NPR Here & Now – The Economics For And Against Trump’s Infrastructure Plan

I will be on NPR’s Here & Now on today’s episode talking infrastructure.

A Political Economy of Access: Infrastructure, Networks, Cities, and Institutions by David M. Levinson and David A. King
A Political Economy of Access: Infrastructure, Networks, Cities, and Institutions by David M. Levinson and David A. King

One area where Democrats are hoping to work together with President-elect Donald Trump is infrastructure.

Before he was elected, the Trump team put out a proposal for infrastructure that would include public-private partnerships and tax credits for companies to invest in roads, bridges and more.

Here & Now‘s Robin Young speaks with University of Minnesota professor David Levinson (@trnsprtst) about the economic arguments for and against such a plan, and why infrastructure shouldn’t be thought of as a jobs program. Levinson is also author of the book “The End of Traffic,” and writes the Transportist blog.

Update: Audio Available (download) or stream

U study says transit does not have impact on public health

While many click-bait articles have headlines that claim using public transportation has a significant impact on health, a University of Minnesota study, which explored the correlation between transit and public health, found that there was no significant evidence showing that using public transit improves health.

“For the last 10-15 years, people have been saying they want people to be walking or using transit because there is a significant health benefit,” said David Levinson, University transportation studies senior research associate and co-author of the study.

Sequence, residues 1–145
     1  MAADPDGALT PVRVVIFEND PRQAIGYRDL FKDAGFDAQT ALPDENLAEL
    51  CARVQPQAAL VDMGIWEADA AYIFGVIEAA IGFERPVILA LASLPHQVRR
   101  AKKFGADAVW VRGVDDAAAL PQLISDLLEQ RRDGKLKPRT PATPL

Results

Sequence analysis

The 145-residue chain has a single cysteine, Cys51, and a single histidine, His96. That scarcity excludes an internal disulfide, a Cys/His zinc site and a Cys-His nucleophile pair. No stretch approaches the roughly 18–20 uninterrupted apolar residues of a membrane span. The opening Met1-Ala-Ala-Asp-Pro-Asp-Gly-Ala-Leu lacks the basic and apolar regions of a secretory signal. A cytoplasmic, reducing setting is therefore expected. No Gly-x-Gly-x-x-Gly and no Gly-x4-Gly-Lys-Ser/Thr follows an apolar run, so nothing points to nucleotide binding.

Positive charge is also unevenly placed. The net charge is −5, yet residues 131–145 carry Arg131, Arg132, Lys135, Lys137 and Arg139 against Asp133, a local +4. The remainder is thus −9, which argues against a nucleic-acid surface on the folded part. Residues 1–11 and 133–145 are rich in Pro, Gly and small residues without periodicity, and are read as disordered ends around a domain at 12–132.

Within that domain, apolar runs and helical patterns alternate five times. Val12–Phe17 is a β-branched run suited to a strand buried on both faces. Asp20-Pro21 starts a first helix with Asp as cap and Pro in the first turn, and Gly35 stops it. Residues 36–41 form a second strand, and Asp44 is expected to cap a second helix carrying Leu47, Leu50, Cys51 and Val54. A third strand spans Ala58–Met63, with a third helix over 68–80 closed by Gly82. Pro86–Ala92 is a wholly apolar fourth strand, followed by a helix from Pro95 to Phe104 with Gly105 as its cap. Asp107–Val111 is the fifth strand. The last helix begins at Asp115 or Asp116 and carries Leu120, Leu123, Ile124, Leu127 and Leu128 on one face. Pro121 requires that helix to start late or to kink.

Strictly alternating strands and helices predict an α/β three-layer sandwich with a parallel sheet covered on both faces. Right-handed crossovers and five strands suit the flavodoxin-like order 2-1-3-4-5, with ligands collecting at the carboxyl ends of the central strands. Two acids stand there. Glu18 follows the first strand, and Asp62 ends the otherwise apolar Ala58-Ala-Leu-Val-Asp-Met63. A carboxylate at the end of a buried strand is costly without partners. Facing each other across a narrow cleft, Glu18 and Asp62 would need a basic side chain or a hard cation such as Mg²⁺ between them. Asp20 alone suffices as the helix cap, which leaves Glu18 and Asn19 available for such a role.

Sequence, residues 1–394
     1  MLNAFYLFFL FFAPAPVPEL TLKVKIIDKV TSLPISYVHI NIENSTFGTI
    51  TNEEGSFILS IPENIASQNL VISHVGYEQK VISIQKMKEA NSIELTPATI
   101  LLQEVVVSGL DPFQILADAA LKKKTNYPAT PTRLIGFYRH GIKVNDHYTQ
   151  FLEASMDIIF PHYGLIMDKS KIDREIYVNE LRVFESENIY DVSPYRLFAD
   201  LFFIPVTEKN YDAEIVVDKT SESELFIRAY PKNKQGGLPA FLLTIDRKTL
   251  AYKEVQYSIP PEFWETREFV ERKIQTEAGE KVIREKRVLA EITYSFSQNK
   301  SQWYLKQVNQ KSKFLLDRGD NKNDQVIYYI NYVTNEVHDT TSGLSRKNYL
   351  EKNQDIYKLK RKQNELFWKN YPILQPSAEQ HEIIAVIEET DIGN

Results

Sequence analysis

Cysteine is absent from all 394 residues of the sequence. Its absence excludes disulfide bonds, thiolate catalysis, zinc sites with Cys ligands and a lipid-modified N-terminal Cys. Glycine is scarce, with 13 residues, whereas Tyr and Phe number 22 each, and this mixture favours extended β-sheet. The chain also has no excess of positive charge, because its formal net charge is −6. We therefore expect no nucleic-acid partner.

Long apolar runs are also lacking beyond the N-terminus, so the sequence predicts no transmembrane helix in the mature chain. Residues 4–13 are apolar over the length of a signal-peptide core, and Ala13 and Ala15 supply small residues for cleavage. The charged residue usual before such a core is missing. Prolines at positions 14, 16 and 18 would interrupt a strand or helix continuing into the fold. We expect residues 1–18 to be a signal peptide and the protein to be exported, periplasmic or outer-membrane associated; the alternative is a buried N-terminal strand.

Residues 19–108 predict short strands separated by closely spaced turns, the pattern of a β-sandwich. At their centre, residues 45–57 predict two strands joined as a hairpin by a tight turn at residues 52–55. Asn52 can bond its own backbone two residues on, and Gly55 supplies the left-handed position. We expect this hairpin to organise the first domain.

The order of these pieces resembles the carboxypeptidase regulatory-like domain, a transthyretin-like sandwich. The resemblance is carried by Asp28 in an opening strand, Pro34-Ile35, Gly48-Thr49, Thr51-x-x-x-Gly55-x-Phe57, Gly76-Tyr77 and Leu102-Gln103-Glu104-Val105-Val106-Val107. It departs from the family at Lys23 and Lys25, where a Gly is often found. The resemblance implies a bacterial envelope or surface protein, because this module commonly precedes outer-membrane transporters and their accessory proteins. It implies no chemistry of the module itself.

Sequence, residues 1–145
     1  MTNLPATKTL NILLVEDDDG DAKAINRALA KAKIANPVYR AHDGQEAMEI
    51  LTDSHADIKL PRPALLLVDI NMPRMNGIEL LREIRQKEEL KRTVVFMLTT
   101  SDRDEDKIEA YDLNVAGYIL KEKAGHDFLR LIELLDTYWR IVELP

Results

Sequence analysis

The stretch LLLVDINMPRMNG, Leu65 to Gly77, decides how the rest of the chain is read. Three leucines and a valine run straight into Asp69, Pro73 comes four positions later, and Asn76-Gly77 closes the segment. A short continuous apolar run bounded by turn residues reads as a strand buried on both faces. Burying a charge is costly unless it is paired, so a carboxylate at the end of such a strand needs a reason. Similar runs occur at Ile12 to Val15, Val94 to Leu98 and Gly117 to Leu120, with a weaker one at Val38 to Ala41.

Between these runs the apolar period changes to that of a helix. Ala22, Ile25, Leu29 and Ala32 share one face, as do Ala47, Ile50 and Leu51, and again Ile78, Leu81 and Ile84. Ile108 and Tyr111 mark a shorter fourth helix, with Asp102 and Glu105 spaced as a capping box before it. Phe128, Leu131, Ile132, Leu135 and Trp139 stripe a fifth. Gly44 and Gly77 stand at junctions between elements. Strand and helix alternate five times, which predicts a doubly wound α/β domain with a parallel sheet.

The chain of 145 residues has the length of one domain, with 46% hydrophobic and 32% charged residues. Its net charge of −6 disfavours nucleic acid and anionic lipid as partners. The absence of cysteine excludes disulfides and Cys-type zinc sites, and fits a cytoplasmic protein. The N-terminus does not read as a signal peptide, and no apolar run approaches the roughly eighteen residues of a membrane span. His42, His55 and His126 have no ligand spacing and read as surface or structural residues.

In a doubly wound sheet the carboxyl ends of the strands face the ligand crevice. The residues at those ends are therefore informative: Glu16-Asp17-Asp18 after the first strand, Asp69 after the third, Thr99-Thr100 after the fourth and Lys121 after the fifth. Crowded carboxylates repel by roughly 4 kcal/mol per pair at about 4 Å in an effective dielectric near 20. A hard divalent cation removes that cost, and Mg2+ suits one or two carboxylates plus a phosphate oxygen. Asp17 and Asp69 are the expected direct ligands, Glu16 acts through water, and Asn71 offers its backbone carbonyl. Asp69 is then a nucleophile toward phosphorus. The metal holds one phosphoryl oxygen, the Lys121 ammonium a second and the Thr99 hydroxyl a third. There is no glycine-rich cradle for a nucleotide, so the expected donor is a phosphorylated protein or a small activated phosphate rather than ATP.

“It may or may not be true, but it’s a very weak correlation.”

There is an idea that commuters are a more healthy population due to the fact that they use public transit, Levinson said.

Transit is often associated with walking or biking. Previous studies have found that citizens in areas with more transit options have a lower BMI.

But using BMI for that conclusion doesn’t account for commuters who may eat fast food every day or substitute buses and trains for walking from place to place, Levinson said.

Ultimately, the researchers found transit did not have a significant impact on public health.

Alireza Ermagun, University urban and regional planning Ph.D. candidate  [sic – he got a PhD in Civil Engineering, he was also a MURP] research assistant and co-author of the study, said he wanted to point out problems with associating insignificant correlations to data and making assumptions not backed up by sufficient research.

Researchers often rely on data they already have to draw conclusions because research is expensive and difficult to compile, he said.